6
Thanks for the great advice everyone!  Yeah, when I planted it I created a basin to catch water so it would get enough.  Sounds like that's exactly the opposite of what I should have done.  I'll know better next time!

7
Tropical Fruit Discussion / What happened to my papaya? High maintenance?
« on: January 13, 2018, 03:38:36 PM »
Bought a papaya last spring from a local reputable grower (no idea what kind).  I live in Ft Myers FL.  I see them growing all around here like weeds so I didn't think they were a high maintenance plant.  The plant was about 5ft tall and had lots of healthy green leaves when I planted it.  I planted it in an area that gets irrigation twice a week.  Full sun.  As the spring and then the summer went on it started to lose leaves from the bottom, then through the summer it lost more and more leaves until just a few remained at the very top.  Eventually this fall those dropped as well and then the plant died.  Any thoughts on what might have happened?

8
Tropical Fruit Discussion / Re: Sweet tart mango fruiting already
« on: December 08, 2017, 07:05:40 AM »
That's great news, thank you!  I was thinking ST was more of a mid summer fruit.

9
Tropical Fruit Discussion / Re: Sweet tart mango fruiting already
« on: December 05, 2017, 09:37:37 PM »
Just thought I'd try one more time to see if anybody had thoughts on when I can expect to see ripe fruit considering blooming in late November.

10
Tropical Fruit Discussion / Re: Sweet tart mango fruiting already
« on: December 02, 2017, 06:07:16 AM »
Thanks everyone!  So if it started blooming in late November am I still looking at June-July for ripe fruit?  That seems like an awfully long time.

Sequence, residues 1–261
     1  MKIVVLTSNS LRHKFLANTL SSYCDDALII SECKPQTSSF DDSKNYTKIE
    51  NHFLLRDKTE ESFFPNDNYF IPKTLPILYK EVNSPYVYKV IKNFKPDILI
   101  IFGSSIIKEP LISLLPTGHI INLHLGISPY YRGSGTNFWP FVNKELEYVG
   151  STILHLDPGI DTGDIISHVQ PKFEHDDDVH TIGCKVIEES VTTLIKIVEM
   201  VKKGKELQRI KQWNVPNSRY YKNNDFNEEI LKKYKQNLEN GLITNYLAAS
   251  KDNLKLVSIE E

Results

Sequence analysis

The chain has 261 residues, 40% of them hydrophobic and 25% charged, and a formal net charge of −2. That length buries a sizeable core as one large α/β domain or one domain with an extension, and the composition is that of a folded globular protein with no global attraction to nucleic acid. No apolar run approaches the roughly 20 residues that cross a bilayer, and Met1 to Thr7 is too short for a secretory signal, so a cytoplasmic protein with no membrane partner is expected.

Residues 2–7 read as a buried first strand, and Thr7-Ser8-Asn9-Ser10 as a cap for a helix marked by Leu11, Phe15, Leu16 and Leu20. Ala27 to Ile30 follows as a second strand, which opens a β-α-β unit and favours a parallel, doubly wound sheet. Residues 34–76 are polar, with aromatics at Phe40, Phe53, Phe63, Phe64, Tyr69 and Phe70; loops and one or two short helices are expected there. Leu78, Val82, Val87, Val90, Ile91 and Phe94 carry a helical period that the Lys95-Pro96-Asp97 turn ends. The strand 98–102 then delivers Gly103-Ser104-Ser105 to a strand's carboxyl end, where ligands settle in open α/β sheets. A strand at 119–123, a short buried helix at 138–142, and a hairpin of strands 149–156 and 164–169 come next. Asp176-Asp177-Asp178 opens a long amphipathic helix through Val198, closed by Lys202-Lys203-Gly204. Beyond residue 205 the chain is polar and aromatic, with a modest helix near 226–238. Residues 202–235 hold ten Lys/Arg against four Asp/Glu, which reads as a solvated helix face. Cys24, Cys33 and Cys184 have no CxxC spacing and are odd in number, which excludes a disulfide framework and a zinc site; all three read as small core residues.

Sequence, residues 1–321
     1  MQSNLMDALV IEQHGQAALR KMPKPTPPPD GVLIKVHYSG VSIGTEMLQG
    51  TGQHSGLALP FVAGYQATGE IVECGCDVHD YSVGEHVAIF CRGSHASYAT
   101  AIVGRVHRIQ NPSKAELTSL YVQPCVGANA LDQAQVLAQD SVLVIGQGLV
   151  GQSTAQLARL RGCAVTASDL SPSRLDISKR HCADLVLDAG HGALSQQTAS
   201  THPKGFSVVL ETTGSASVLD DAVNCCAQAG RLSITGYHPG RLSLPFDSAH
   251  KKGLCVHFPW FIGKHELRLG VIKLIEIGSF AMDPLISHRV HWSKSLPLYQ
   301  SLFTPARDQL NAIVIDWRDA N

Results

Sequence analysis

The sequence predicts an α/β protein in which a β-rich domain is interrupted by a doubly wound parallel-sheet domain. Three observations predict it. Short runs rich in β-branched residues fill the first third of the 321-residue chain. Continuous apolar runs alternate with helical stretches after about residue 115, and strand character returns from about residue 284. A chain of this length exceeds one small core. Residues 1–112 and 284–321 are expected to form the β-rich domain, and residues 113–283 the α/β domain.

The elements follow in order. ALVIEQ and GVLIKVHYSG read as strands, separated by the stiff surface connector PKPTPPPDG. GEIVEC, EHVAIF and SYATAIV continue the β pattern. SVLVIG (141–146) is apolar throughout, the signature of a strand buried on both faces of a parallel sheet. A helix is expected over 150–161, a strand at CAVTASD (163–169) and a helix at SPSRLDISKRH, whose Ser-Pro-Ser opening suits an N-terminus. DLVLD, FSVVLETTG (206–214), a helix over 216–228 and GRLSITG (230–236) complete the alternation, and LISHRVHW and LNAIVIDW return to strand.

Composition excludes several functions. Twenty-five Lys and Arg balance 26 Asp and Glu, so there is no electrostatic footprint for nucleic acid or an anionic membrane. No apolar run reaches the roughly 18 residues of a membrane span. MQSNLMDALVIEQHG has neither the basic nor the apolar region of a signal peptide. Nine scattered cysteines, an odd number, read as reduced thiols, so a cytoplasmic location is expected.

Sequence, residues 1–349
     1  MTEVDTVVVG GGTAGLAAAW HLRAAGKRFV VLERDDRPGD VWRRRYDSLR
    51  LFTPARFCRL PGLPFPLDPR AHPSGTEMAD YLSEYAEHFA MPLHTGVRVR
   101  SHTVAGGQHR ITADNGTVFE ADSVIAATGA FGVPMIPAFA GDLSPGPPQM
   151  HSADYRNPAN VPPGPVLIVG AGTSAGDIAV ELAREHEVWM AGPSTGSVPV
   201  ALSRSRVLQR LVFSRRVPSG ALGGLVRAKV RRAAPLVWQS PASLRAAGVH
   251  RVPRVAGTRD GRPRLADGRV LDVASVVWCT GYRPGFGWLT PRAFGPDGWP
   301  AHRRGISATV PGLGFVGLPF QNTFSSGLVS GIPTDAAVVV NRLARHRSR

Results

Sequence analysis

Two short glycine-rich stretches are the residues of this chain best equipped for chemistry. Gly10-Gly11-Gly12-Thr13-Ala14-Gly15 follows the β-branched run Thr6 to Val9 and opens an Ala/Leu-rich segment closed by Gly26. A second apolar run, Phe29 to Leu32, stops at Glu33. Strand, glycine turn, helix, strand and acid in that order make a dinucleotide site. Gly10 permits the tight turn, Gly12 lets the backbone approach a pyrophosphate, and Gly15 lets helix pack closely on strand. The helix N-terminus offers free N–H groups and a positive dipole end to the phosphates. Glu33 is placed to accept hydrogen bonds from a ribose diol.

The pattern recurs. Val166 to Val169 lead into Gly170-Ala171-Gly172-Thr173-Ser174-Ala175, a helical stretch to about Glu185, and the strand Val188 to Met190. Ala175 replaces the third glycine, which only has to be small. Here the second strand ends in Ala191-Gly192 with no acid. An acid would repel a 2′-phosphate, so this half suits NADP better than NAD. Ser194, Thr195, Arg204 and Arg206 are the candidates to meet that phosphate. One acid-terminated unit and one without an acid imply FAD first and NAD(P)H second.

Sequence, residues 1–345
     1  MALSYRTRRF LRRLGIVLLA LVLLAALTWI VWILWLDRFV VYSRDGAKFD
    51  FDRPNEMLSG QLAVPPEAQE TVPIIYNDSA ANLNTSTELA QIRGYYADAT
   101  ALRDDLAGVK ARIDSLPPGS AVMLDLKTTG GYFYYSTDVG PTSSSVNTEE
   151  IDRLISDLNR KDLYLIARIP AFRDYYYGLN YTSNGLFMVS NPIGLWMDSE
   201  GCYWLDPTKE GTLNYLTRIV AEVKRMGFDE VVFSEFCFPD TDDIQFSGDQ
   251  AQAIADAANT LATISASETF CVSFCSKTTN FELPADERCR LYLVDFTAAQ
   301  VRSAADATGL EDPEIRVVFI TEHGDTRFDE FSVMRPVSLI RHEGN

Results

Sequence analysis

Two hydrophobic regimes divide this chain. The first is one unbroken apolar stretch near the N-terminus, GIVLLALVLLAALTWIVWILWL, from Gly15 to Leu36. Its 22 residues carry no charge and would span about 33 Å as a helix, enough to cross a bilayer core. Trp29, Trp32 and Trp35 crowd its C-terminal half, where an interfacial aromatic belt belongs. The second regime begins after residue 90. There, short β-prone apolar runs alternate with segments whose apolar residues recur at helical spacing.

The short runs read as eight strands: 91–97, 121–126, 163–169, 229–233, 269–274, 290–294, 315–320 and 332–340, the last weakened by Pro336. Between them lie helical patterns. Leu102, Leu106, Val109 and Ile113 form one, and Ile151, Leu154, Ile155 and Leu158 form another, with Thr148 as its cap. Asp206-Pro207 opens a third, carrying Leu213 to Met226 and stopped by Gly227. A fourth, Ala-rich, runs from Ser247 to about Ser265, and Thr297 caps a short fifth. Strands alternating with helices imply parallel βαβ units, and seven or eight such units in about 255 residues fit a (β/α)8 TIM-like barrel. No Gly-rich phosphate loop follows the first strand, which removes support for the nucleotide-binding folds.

11
Tropical Fruit Discussion / Sweet tart mango fruiting already
« on: December 01, 2017, 04:19:16 PM »
I live in SW FL and although I'm new to this it sure looks like my sweet tart is setting blooms already as of last week.  Does that seem right?  I thought this tree typically bears pickable fruit in June/July.


12
Tropical Fruit Discussion / Re: Avocado tree...should I give up?
« on: October 23, 2017, 02:37:19 PM »
Great, thanks so much for the feedback.  Fingers crossed and will add mulch.

13
Tropical Fruit Discussion / Re: Avocado tree...should I give up?
« on: October 21, 2017, 02:52:08 PM »
OK, 5 weeks has gone by since the hurricane and this is what is looks like now.  It's coming along.  I sure hope the break was above the graft.


14
Tropical Fruit Discussion / Re: Avocado tree...should I give up?
« on: September 30, 2017, 10:23:42 PM »
OK thanks guys.  I'll trim the break back somewhat and see what happens.

15
Tropical Fruit Discussion / Avocado tree...should I give up?
« on: September 30, 2017, 01:29:07 PM »
We planted a 7 gal Florida Hass last February along with a number of other fruit trees.  Unfortunately the avocado didn't fare well in Hurricane Irma and snapped in half, literally.  I noticed that just below the break it's starting to push up new growth.  Is it even worth it to let it try to re-grow?  Am I just going to get root stock, whatever that was?